So here are a couple of qoutes to mull over:
(Just a note – she often refers to God as “el,” one of the early words by which the ancient Hebrews knew God.)

When asked if she believed in evolution:
“I replied that I thought God could create in any way which seemed good to el. And that, indeed, is what I think. The only reason I can find for all the shouting about how God created is that is allows some people to stop thinking, to settle back into the safety of their rut, to stop thinking about what it is really all about.
What it is really all about it that creation is God’s. It is el who had made us, and not we ourselves. To argue how God made us is to argue nonessentials. As far as I’m concerned, it doesn’t matter a whit how God created. The important thing is that creation is God’s, and that we are part of it, and being part of creation is for us to be co-creators with el in the continuing joy of new creation.”

On the word “Christian”:
“I distrust the word Christian as an adjective; it has become less an adjective than a label, separating those who call themselves Christians from the rest of the world. How can those who would follow Christ assume that they are more beloved of the Creator than any other part of his creation when God created everything, and saw that it was good? And if God created man in his own image, male and female, than all, all of humankind is part of that image, known or unknown, serverd or betrayed, accepted or denied. God loves every man, sings the psalmist. Perhaps it is more blessed to be aware of our Image than not, but Jesus made it clear that sometimes it is those who are least aware of it who serve the image best.”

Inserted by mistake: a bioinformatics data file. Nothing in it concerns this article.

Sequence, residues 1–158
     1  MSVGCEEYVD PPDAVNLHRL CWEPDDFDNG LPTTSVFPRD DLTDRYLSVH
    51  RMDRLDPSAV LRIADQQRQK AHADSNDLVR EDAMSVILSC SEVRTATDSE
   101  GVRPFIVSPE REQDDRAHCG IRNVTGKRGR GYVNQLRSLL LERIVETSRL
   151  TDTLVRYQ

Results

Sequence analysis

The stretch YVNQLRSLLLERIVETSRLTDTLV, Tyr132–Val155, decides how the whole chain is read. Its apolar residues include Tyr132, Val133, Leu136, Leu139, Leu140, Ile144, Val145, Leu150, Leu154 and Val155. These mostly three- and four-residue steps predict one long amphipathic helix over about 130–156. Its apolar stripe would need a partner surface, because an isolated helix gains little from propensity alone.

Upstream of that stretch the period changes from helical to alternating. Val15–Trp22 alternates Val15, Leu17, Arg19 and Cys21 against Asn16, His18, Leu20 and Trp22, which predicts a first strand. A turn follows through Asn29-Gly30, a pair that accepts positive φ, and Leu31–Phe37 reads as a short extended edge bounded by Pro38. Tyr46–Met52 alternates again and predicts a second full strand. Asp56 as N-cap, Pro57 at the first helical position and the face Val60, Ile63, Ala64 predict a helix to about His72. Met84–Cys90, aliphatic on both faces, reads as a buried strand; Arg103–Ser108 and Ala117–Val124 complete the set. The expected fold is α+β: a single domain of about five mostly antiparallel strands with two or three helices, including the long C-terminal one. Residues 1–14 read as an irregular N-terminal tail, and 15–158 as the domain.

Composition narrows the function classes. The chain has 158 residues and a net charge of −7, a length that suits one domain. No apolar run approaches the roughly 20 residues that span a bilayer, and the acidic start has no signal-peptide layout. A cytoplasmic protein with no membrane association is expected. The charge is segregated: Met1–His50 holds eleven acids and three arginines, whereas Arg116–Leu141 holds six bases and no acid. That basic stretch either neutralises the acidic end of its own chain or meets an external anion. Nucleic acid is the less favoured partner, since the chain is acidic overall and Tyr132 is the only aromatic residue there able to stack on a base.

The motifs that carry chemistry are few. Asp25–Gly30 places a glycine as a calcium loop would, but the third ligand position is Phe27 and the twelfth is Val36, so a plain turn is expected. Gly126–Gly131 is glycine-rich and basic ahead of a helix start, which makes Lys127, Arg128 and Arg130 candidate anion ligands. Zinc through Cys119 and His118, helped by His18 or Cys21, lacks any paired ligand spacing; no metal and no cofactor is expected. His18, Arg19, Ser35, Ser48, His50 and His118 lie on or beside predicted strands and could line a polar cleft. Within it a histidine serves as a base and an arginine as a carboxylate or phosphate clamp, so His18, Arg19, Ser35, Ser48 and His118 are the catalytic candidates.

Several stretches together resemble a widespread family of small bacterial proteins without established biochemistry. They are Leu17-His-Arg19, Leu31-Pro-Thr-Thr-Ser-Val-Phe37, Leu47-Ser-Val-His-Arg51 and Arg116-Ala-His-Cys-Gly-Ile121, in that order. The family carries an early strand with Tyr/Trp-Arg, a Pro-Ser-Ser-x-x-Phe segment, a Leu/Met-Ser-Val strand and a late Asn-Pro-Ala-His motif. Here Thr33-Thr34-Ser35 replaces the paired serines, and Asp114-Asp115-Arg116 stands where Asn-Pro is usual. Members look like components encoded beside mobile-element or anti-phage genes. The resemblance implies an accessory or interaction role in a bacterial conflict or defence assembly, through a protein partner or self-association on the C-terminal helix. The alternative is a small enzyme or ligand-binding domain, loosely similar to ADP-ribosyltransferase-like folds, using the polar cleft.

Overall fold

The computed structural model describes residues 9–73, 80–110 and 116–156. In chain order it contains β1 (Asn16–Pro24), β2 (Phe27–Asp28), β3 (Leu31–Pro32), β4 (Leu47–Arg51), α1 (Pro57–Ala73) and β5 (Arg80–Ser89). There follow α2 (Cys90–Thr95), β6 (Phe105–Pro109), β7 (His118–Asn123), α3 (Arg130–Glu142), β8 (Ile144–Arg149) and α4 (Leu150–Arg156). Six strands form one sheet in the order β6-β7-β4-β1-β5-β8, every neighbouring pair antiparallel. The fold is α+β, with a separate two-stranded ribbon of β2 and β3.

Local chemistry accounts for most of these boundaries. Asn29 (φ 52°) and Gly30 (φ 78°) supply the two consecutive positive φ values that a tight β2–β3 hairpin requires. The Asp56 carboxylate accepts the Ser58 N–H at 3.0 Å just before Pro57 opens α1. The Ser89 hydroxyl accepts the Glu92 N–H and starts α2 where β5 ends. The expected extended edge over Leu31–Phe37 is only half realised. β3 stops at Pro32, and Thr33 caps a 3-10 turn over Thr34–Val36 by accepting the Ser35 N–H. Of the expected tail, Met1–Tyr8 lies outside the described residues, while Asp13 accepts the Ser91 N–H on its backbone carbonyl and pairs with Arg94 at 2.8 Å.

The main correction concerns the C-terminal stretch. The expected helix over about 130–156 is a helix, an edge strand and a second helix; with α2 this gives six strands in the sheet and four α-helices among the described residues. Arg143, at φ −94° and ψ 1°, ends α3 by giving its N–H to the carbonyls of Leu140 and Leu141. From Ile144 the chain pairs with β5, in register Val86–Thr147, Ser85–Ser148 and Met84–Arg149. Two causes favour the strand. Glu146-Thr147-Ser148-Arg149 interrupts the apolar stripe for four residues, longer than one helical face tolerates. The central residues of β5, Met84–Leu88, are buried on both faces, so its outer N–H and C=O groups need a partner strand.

Just something to think about.